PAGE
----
Interlude with FILLMORE V. DOBBS / 1969 to 1993
Above: Kicking back, no doubt, at the Heineken Brewery in Amsterdam. I wonder...I could swear, looking at this, that it's the same balcony that appears early on in the movie Modesty Blaise (which I love), it's just so familiar...I'll have to look at the film again and compare.
Conway, Wales. At Bodidda. Which I imagine is the name of the estate of Mr. Roberts, shown here (as on the back it is captioned, "Mr. Roberts, Bodidda, Conway, Wales").
Obviously some dairy farming going on...
Mr. Roberts family, at Bodidda. I'm assuming that Fill stayed with them at least part of the time while in Wales.
"View of Conway from Castle Wales"
Two shots from a long series taken at Prince Charles' investiture (1969), again, in Wales. He sent back some neat stuff for me from Wales, all dragon-related. Sadly, the leather investiture-bookmark souvenir is gone, but I still have the dragon history book, which as a child made me wonder what "mead" was. Later I found out, and it's delicious!
I can still remember the wonderful smell of that leather bookmark! Not exactly like any leather I've ever huffed since. It was probably left behind when I moved from Missouri to California, as I had to leave tons of amazing things back in Missouri.
"Paris Bust. Arrestacion les hippies Americains et les agents de police." 1969
Beach at San Sebastion, Spain. "Cubiertos para limitar el sol." 1969
"Camping, Calella Spain. Aleman circa de Barcelona." 1969
"Tangier. Las casas Arabe" 1969
I love these two shots of Fill at his Hermosa Beach flat. I remember well that heavy-ass leather vest with the fur trim, he still had it when I moved out in 1980, and it was awesome. I can still picture those wacky apartments, waterbeds and amazing art posters. He was always near the beach, at whatever place that I would come out for my yearly visit to, from Missouri, reinforcing my desire for ocean and mountains and the outrageous hippie cultural styles on the coast.
Both March 1971, but then, it's imprinted on the pictures, so convenient!
Hmmm, a vintage 1970 CDL. Pretty crude by today's standards, it's printed on a really flimsy piece of (barely) cardstock. I would assume that the address given is of the Hermosa Beach dwelling above.
These two photos and the one below, with the burro, are a continuation of an earlier BlogSpot entry, in the sense that they were separated from the set reproduced in that popular entry, and later turned up, and now finally all of the pictures can be seen. All are from July 1973.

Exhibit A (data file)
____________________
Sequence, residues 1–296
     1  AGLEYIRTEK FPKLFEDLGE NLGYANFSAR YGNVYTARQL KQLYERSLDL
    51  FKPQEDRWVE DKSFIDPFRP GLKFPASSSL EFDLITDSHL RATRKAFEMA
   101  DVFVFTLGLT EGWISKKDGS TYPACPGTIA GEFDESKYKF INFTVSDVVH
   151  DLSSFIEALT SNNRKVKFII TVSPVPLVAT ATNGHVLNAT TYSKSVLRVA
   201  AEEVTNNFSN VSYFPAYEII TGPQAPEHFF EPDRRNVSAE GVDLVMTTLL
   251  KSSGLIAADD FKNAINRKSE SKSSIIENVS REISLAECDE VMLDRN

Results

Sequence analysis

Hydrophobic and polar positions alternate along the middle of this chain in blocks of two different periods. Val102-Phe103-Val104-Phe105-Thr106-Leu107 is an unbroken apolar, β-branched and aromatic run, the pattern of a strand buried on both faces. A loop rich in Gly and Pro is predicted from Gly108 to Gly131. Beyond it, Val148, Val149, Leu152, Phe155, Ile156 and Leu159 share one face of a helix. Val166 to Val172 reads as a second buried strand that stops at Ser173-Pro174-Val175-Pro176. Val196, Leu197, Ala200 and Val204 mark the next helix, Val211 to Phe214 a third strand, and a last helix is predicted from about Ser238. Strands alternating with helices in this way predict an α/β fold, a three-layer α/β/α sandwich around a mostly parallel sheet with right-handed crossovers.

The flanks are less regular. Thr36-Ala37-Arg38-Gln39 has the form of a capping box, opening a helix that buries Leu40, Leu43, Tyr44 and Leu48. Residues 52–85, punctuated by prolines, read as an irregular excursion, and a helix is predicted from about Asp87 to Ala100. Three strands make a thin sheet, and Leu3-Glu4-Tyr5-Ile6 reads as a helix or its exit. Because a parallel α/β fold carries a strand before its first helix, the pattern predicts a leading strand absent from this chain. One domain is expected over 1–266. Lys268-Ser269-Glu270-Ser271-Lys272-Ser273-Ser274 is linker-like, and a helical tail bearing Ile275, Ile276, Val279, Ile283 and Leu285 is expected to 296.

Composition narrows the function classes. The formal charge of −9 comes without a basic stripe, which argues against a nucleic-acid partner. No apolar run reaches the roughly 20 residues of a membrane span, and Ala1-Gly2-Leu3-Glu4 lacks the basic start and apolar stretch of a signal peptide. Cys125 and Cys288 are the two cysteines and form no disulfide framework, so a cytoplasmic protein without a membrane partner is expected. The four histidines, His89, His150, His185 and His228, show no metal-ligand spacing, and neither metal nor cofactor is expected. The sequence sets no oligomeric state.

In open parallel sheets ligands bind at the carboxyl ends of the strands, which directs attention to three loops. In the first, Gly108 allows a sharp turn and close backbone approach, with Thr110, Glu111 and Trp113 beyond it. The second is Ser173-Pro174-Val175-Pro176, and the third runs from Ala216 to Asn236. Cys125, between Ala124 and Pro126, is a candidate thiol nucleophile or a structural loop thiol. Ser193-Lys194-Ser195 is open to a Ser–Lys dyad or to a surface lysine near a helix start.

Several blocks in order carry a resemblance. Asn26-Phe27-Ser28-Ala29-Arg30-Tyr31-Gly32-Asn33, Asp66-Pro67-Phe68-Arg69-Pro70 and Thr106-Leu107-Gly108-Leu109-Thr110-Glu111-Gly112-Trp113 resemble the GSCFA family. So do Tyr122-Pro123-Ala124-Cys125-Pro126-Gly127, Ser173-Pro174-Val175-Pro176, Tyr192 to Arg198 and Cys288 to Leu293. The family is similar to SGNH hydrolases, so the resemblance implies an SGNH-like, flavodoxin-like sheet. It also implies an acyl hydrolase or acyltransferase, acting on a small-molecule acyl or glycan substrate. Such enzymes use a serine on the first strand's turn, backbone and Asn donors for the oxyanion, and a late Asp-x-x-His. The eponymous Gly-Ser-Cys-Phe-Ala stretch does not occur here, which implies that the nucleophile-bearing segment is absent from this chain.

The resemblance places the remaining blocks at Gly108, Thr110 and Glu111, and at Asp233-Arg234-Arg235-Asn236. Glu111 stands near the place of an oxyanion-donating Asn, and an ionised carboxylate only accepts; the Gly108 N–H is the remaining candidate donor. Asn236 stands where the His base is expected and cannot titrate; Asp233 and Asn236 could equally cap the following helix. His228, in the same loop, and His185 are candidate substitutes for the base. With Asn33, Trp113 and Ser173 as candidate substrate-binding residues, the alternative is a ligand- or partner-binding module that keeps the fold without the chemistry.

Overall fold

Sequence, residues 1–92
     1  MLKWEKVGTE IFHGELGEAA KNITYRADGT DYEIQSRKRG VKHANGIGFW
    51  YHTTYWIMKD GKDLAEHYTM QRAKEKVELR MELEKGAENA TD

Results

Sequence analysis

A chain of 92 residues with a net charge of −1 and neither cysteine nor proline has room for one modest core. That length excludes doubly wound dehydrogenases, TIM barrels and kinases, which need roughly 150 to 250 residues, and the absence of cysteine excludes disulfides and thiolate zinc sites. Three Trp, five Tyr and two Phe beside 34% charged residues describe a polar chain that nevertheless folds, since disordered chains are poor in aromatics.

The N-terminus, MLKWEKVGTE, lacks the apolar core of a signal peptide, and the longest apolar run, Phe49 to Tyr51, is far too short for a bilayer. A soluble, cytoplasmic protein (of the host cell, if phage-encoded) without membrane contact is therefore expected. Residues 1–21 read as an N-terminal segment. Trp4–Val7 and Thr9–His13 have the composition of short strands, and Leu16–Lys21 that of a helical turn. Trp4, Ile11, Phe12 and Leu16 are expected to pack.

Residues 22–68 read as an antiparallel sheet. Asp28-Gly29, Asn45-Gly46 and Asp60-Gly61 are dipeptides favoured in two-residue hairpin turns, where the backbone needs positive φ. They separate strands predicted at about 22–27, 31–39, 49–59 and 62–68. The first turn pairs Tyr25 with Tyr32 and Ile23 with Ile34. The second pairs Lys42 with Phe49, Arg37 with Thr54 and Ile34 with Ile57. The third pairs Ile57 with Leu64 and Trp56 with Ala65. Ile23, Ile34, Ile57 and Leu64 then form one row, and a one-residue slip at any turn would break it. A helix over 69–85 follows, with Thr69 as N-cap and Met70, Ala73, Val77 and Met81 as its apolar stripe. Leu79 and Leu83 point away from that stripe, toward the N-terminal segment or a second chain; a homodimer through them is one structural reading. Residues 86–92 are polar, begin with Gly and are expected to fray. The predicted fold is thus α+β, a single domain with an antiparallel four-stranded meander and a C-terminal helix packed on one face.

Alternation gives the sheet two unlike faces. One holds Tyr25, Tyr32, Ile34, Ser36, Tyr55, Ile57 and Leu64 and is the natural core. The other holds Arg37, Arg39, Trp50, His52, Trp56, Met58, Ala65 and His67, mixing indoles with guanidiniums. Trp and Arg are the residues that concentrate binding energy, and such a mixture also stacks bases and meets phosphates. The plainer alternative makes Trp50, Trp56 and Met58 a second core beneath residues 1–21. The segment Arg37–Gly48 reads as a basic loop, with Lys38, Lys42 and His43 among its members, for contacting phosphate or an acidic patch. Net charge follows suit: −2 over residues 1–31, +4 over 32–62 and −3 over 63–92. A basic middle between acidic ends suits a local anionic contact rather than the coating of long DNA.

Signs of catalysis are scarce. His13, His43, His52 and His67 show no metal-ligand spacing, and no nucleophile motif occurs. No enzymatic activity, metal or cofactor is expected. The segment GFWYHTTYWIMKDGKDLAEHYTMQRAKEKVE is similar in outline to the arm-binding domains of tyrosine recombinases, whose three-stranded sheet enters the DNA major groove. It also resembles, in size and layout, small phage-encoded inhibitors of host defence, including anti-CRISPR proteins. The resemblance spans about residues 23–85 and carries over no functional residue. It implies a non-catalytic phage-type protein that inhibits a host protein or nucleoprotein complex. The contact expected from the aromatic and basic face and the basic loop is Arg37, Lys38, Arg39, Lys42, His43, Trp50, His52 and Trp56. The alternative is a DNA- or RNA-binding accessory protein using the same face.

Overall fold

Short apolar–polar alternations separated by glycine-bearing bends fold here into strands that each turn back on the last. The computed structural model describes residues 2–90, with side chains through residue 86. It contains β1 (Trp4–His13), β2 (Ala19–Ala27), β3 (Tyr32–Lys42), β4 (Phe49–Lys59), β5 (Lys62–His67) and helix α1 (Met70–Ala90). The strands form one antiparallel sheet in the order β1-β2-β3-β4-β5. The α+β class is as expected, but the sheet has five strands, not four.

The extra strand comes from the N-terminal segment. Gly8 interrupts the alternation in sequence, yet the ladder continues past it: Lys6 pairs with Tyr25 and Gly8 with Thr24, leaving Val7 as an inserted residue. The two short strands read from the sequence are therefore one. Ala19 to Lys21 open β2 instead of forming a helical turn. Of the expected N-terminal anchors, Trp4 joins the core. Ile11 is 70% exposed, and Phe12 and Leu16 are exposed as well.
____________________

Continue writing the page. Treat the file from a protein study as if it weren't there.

Directly below, left, is Boulder Creek, California, in a setting very like the cabin he later lived in in Ben Lomond.
Right, Bellingham, Washington, and another look at that commune. I recommend looking at the other entry as well, and absorbing the whole set together. Gee, I wish he were still around to give me the backstory on all of this, it must have been something!
Cripple Creek, Colorado, 1973. Katrina makes a friend while sitting in Fill's Beetle. I like the protruding ear coming into frame on the right. Curiously, Fill's luggage rack isn't mounted on top of the bug, I wonder if he owned it yet. They were hard to come by back then.
Fill and the beloved Katrina in 1974. I think this house was in Long Beach. I hope I'm not getting Long Beach/Manhattan Beach mixed up, as I believe he lived in both.
Basically a tiny building behind the main house. It was here that I saw my first underground comix (in any quantity- there had only been very small glimpses in Missouri) and heard my first Monty Python/George Carlin/National Lampoon and other essential albums.
I also ate my first granola here (lol) and other staples of current 'health food'. Pretty heady stuff for this 13-year old. Come to think of it, this was the year I first smoked pot at a party in Missouri, but didn't get high on it, naturally.
Anyhoo, I was given a splendid underground comic art compilation book (very obscure small press job- probably a pirate edition, wish I still had it!! Spain Rodriguez in particular was very inspiring and scary, and of course Robert Crumb made an impression, even more so the more I saw a bit later, and I was confused and mystified by Rick Griffin), and a Fabulous Furry Freak Brothers magazine, to take home, beginning my collection of 'outsider' art.